In 2018, in anticipation of the gene mapping developments that have reduced the price of genetic sequencing from billions to hundreds of dollars, de Pape, Hahnel and three others founded Genomes.io. The following year, the company was accepted into the ConsenSys Ventures Tachyon 2.0 accelerator. It held an initial coin offering (ICO) in 2021.
Genomes.io sequences customers’ genomes, encrypts them and keeps them in an electronic vault. Customers can opt into receiving reports based on their genetic information, such as ancestry and rare disease carrier status, with a range of new topics planned to come.
Customers can also allow their data to be used in research queries. Query matching occurs within the data vault so that genomic data never leaves the vault. Blockchain technology provides security by recording all queries made to holders’ data in a single version of the ledger.
Holders who decide to share genomic information are rewarded with GENE, as are those who contribute to the development or design of the project through the DAO. GNOME is used for governance and is available on the Sushi exchange. The “Geneticats” NFT, available on OpenSea, offers genomic sequencing and hybrid GENE/GNOME benefits.
The barrier is low for participation in the DAO. “There is really lovely interest from people who wanted a closer relationship with the company,” de Pape said. Participants are rewarded bounties for contributing development and design ideas. The DAO has “no say on the Ltd. side,” which includes large-scale projects with partners in Australia, Bermuda and the United States.
Doing biometrics one better
Madrid-based DNAVerse has found another quite practical use for genomics. The company will use genetic information to confirm holders’ identities as human — as opposed to AI or chatbots — across metaverses. In conjunction with its sister organization, 3DforScience, DNAVerse creates “DNArt” NFTs that can be used comparably to avatars.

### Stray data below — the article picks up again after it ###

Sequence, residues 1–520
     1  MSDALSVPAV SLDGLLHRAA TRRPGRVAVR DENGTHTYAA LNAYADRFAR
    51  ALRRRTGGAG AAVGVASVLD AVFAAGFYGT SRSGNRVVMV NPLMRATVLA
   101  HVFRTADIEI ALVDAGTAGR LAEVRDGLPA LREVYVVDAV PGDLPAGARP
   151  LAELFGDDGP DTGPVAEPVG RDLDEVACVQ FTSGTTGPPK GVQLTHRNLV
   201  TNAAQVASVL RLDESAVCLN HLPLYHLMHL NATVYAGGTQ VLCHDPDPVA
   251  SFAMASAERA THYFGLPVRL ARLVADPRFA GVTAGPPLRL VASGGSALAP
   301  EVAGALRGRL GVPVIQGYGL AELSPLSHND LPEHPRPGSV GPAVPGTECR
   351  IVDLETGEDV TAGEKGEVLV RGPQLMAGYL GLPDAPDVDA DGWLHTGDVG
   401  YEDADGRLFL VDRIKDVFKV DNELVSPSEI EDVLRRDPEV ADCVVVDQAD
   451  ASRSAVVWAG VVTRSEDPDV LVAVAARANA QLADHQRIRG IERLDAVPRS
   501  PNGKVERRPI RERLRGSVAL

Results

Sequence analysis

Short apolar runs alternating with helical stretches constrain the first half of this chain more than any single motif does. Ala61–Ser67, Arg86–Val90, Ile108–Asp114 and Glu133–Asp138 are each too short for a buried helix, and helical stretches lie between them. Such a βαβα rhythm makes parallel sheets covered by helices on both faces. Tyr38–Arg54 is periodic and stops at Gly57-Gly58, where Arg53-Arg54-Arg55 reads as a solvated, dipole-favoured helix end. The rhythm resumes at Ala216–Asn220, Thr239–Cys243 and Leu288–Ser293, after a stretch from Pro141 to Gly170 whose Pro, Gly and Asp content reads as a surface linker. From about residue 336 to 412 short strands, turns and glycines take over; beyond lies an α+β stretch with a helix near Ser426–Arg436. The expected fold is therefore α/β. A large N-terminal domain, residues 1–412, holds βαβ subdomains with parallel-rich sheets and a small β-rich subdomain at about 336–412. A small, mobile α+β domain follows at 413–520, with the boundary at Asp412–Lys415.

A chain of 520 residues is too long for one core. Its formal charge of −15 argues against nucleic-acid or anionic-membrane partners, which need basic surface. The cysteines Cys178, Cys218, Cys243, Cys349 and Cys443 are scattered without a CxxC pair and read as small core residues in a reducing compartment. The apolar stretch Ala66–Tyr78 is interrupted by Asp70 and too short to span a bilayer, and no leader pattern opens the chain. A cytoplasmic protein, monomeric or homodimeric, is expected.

DNAVerse, according to marketing director Juan Castillo, is at the presale stage. It has eight employees and shares several more with 3DforScience. It recently partnered with Polygon Studios and has opened an embassy in the Matrix World metaverse. The company will mint 200 “cryptoprotein” NFTs and 3,200 highly customizable “DNArt” NFTs based on customers’ genetic data but not containing their data.
After the minting of all the “DNArt” NFTs, new customers will be required to select a “cryptoprotein” and “DNArt” staked on a decentralized market, with the holders receiving a percentage of the price for their participation in the replication process. Their genetic data will be delivered to customers, who remain in control of their data and have the option to remain anonymous. They will be gathered under the governance of a DAO that has yet to be formed.
There are a lot of clubby aspects to the business model. A line of clothing featuring customers’ “DNArt,” wellbeing channels and virtual events based on genetic affinities are planned. Customers can obtain “DNAat” for their pets as well.